Henning boys basketball playing in memory of teammate who died in car accident

Henning, Minn. - A jersey for Jacob Quam hangs in the classroom of Henning assistant boys basketball coach Mark Oscarson. Quam always thought it'd be cool if Henning had orange home jerseys to go along with their normal black, so his mother had o...

The Henning boys basketball team celebrates a Minnesota Class 1A, Section 6 title, holding the jersey of teammate Jacob Quam, who died in a car accident in 2017. Eric Morken / Forum News ServiceEric Morken / Forum News Service

Henning, Minn. - A jersey for Jacob Quam hangs in the classroom of Henning assistant boys basketball coach Mark Oscarson. Quam always thought it'd be cool if Henning had orange home jerseys to go along with their normal black, so his mother had orange jerseys made for the team with Quam's initials on every one.

Senior guard Dylan Trana is responsible for Quam's jersey. He brings it to every captain's meeting before each game.

On Wednesday, before Henning heads to its first Minnesota state boys basketball tournament since 1966, Trana will carry the jersey to Quam's grave.

"I'm glad I get to carry his jersey everywhere," Trana said of the orange jersey made in memory of Quam.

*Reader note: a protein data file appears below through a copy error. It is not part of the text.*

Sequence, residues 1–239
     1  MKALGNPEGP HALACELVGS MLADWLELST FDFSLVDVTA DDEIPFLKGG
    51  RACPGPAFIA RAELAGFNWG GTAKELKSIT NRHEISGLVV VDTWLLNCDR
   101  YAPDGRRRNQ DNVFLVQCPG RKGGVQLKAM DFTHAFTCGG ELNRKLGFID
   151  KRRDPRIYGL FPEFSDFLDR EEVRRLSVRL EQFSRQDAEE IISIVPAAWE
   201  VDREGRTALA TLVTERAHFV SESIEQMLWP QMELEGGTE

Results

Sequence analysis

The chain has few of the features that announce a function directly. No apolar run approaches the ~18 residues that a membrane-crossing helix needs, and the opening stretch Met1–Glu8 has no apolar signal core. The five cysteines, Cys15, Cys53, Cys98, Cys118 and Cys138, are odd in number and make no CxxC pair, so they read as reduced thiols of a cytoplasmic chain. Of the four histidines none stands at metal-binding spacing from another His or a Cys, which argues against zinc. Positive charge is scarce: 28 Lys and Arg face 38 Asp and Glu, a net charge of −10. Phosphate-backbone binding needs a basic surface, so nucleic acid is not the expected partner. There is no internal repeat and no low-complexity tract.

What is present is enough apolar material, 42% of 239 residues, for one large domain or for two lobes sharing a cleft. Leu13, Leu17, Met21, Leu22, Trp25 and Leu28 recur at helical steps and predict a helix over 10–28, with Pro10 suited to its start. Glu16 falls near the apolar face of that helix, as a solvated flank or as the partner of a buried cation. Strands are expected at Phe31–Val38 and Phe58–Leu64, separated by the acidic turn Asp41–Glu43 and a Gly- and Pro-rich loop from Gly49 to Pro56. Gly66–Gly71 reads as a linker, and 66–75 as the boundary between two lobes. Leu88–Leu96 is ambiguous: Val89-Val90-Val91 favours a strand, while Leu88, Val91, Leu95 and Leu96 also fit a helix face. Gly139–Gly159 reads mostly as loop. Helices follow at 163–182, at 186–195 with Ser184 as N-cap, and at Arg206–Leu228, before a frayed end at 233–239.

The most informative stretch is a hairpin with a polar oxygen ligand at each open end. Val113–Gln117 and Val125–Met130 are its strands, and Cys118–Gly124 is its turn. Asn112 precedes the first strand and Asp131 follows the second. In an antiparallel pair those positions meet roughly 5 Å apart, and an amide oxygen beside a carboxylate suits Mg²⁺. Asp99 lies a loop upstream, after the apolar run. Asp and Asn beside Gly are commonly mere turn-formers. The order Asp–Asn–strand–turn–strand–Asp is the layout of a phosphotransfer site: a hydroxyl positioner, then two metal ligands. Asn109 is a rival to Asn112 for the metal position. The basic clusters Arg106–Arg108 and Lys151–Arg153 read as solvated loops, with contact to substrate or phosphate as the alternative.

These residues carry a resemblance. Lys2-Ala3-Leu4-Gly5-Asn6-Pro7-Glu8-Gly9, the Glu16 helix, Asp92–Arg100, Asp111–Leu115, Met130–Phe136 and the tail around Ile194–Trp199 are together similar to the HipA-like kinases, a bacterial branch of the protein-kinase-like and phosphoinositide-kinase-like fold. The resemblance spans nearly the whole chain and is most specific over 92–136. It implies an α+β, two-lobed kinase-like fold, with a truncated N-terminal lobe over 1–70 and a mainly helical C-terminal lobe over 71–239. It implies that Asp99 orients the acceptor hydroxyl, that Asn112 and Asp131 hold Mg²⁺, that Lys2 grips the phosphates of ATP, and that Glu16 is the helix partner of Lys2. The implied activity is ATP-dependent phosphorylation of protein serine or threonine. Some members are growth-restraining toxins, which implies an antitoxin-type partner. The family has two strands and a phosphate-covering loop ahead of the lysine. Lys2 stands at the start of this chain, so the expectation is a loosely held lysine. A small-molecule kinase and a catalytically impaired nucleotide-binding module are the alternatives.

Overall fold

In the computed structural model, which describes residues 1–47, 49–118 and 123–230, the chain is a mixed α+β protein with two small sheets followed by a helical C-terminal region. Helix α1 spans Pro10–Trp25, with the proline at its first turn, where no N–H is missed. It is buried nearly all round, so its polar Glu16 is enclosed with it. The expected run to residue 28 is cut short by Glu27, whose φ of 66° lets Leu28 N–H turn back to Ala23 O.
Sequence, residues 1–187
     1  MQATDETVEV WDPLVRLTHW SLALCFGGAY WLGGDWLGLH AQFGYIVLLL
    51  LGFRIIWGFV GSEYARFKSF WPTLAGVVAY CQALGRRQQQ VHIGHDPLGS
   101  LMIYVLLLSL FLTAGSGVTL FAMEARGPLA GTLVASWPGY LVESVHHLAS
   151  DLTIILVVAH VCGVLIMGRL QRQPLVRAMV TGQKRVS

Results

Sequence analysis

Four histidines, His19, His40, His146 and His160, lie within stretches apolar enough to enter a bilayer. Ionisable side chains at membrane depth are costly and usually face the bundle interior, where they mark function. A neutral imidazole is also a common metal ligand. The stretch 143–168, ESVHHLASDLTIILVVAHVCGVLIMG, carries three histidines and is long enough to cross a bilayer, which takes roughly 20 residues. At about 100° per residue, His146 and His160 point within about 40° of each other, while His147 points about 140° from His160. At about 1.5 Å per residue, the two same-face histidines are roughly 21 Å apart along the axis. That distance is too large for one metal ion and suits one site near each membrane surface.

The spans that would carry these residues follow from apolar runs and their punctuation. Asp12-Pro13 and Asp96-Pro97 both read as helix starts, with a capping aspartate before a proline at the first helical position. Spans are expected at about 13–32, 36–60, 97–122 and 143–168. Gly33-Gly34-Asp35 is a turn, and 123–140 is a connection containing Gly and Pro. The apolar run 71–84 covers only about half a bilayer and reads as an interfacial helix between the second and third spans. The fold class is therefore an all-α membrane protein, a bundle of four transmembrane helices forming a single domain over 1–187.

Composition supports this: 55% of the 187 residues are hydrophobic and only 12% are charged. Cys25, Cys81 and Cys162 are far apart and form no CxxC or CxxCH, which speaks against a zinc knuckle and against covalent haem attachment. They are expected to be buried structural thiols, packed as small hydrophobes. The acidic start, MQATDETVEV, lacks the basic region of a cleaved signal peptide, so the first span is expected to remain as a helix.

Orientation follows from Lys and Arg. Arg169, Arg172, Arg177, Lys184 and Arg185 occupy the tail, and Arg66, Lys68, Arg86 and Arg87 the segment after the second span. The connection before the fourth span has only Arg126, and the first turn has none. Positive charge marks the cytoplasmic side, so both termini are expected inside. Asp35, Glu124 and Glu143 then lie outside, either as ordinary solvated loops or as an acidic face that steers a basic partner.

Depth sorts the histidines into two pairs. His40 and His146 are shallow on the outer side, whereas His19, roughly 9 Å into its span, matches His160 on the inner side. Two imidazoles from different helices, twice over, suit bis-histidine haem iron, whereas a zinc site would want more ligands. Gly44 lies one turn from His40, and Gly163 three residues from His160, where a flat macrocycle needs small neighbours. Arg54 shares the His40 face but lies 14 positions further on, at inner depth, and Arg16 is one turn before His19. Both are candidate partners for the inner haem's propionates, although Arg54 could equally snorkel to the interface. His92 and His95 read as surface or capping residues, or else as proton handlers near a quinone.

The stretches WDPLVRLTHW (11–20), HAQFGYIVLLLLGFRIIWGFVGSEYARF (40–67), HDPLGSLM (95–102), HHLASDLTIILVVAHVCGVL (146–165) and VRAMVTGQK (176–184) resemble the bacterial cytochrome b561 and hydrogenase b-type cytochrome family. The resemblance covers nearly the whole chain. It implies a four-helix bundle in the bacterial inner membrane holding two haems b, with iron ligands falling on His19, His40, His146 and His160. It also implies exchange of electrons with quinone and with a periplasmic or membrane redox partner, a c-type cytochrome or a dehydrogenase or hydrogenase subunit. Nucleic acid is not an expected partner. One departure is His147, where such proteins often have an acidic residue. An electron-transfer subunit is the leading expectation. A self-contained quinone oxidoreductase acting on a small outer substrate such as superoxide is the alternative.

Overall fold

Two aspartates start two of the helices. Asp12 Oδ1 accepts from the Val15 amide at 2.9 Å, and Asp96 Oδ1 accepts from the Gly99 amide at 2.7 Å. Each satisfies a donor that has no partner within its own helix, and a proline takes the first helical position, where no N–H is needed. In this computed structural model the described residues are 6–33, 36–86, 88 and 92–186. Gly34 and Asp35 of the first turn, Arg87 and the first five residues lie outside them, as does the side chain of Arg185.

Quam was driving to work out on April 13, 2017, at around 6 a.m. His name was all over the sign-in sheet at the Henning High School weight room. He had his seat belt on and his cell phone in his pocket. He had his lights on to fight the fog.


A semi heading west on Highway 210 near Vining crossed the center line and hit Quam head-on. The driver of the semi was found guilty of criminal vehicular homicide and misdemeanor careless driving. Although he had a valid commercial driving license at the time of the crash, the semi driver's driving privileges had been suspended or revoked seven times over the 18 years prior to the crash.

Trana's uncle was on the ambulance squad that pulled Quam's body from the car. Trana's dad told him before school Quam, his best friend, was dead.

"I think that's was the worst feeling I've ever felt," Trana said. "No, I know for a fact that's the worst thing that's ever happened to me."

No one on the basketball team knew what to do, so they ended up just playing basketball all day.

Adam Lange is a fellow senior captain on the basketball team with Trana. He was at Minneapolis-St. Paul International Airport when Trana called him the day Quam died. He was on his way to Florida for a family vacation. With his phone in his hand, he fell to his knees in the airport and cried. The family flew back to Brainerd and drove back to Henning.

"He was the same on the court and off the court," Lange said. "He was a super hard worker and always did things right."

Before this season's section tournament, the Henning basketball team shoveled a path to Quam's grave. A basketball going into a basket is on Quam's headstone.